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    Author(s): J.B. St. Clair; W.T. Adams
    Date: 1991
    Source: Theoretical and Applied Genetics. 81: 541-550
    Publication Series: Scientific Journal (JRNL)
    PDF: View PDF  (1.01 MB)


    Open-pollinated Douglas-fir (Pseudotsuga menziesii var menziesii (Mirb.) Franco) families were tested in three contrasting competitive environments to test the hypothesis that relative performance as measured by total seedling dry weight is dependent upon distance or genotype of neighbors. The three competitive environments included (1) a mixture of individuals from all families planted at close spacing, (2) single (pure) family blocks planted at close spacing, and (3) individuals from all families planted at a wide, none-competitive spacing. Despite occasional large changes in rank between competitive environments and only moderate correlations of family means between competitive environments. The family x competitive environment interaction was non significant. Furthermore, families did not differ significantly in competitive ability or density tolerance. The competitive environment in which seedlings were grown, however, had a large effect on estimates of variance components, which in turn led to large differences in estimates of heritability and genetic gain. Evaluation of families in mixture resulted in the largest estimates of heritability, while evaluation in pure family blocks resulted in the lowest. Analysis of correlated response to selection indicated that testing and selection in mixture result in the largest estimated gain, even if progeny of selected individuals are subsequently grown in a pure or non-competitive environment.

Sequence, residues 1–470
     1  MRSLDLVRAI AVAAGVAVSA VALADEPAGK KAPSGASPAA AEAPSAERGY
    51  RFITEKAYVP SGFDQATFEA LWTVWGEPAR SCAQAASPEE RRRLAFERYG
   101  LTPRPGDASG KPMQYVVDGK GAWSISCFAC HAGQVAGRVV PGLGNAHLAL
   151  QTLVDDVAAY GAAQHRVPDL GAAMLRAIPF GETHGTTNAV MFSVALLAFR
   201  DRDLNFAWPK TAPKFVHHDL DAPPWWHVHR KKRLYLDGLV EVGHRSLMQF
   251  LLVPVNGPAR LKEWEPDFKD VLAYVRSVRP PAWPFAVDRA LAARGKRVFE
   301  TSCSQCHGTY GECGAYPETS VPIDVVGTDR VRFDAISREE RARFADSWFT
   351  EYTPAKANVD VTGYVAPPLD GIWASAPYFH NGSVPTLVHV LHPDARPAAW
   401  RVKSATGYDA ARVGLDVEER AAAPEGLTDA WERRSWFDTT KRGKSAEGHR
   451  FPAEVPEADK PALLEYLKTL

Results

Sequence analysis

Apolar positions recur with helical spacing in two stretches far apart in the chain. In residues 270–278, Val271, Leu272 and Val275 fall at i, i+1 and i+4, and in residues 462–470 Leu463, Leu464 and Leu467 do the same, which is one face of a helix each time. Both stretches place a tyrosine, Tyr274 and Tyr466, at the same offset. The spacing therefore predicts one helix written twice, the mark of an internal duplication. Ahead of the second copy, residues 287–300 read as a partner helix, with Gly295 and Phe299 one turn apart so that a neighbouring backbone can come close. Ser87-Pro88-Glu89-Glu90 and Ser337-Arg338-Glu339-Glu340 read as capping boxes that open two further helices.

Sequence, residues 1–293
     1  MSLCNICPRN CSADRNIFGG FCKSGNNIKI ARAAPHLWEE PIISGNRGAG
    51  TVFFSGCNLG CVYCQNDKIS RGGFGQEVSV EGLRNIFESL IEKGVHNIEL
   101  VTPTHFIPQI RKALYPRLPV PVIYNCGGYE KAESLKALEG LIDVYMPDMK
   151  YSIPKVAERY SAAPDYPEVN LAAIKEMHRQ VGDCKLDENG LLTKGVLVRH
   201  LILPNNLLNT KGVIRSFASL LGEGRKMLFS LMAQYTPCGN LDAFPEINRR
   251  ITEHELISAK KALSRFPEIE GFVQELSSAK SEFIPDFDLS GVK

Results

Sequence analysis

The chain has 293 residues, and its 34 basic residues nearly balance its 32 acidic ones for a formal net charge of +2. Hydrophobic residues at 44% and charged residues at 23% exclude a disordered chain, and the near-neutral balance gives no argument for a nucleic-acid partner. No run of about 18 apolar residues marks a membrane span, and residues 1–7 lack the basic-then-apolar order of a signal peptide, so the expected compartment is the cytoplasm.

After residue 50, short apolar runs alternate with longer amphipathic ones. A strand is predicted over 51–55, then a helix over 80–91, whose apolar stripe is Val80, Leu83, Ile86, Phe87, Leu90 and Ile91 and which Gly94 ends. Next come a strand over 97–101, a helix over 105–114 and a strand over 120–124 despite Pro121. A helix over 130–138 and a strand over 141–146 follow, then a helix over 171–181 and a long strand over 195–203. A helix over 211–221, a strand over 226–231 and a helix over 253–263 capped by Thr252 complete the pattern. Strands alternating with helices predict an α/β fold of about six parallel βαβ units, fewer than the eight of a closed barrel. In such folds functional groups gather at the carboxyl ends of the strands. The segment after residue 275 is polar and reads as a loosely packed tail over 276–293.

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    St. Clair, J.B.; Adams, W.T. 1991. Relative family performance and variance structure of open-pollinated Douglas-fir seedlings grown in three competitive environments. Theoretical and Applied Genetics. 81: 541-550


    intergenotypic competition, density competition, genetic variance components, heritability

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